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How is tourism unethical? Understanding the issues

Did you know tourism is responsible for displacement of people, poor working contitions, exploitation of women and children, water shortages and environmental degradation? Explore how tourism can have a negative impact on holiday destinations. See examples of the key issues on our interactive map and read more about the negative effects of tourism on this page.

Displacement caused by tourism development

Tourism development has caused many communities to be forcibly displaced. Indigenous groups, people living in informal settlements, or who lack official title deeds to their lands are particularly vulnerable to displacement or loss of access to lands and waters essential for their livelihoods. This often happens with little or no warning, compensation or alternative provision.

Water injustice and tourism

Tourism is a thirsty business. Peak tourist seasons are generally during the driest months of the year. Tourism development is most intense in coastal areas and on islands, where potable water is typically scarce. Vast amounts of water are needed during the construction phase, as well as once the tourists have started to arrive. However, local communities are often not allowed to access infrastructure built to ensure safe drinking water for tourists. Tourism also generates significant quantities of waste water, which many destinations in poor countries do not have the infrastructure to process effectively. Often, sewage generated by resorts is dumped into waterways or pumped out to sea.

Indigenous people and tourism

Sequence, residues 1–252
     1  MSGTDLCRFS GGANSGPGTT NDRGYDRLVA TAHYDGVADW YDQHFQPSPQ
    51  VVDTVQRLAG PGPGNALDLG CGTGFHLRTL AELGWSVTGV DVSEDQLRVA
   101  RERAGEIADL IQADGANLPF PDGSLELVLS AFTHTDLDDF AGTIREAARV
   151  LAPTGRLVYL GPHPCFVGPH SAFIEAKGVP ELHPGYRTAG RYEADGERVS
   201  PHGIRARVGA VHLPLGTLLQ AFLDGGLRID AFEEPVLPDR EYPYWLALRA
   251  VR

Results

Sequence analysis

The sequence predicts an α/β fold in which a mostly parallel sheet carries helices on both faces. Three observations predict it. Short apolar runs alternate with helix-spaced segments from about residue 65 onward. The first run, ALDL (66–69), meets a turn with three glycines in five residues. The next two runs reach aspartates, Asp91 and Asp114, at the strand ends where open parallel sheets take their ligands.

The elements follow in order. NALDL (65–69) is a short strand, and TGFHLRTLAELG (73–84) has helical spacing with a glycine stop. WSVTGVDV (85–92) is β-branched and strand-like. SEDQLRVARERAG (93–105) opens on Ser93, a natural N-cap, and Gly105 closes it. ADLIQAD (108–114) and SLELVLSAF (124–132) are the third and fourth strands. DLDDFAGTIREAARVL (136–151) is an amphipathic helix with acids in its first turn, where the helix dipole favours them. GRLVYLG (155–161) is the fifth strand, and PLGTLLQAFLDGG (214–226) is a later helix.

Indigenous peoples frequently suffer greatly due to tourism. Indigenous peoples are self-defined groups of ethnically and culturally distinct peoples, whose language, traditions and social institutions have largely withstood the impacts of colonisation or other incoming groups and cultures to a region. They typically have an intrinsic, spiritual link to their lands.

Working conditions in tourism

Some eight per cent of the global workforce is employed in the tourism sector. However, endemic poverty, lack of opportunity, a heavy dependence on tourism to generate income plus weak adherence to international labour standards creates fertile ground for the exploitation of workers at the bottom of the tourism supply chain in countries all over the world. Children and women are particularly vulnerable to abuse, including sexual exploitation and harassment.

Climate change and tourism

Climate change is already having a devastating impact upon the lives of people around the world. Many of the poorest people and countries in the global South are suffering the worst of its effects, despite wealthy, industrialised Northern countries being largely responsible for its causes. Furthermore, poor Southern countries have the least resources and capacity to mitigate and adapt to the challenges of climate change. These include rising sea levels, loss of biodiversity, and changing weather patterns leading to increased and prolonged periods of drought and flooding.

Slum/Favela/Poverty tourism

Today slum tours are sold as an alternative to traditional tourism and a more realistic form of experiencing a country - getting in touch with real people and the local culture. It is estimated that 40,000 tourists visit favelas in Rio de Janeiro each year while around 300,000 visit the townships in Cape Town. Tours are also widespread in India, Kenya, Mexico, and many other countries in the developing world.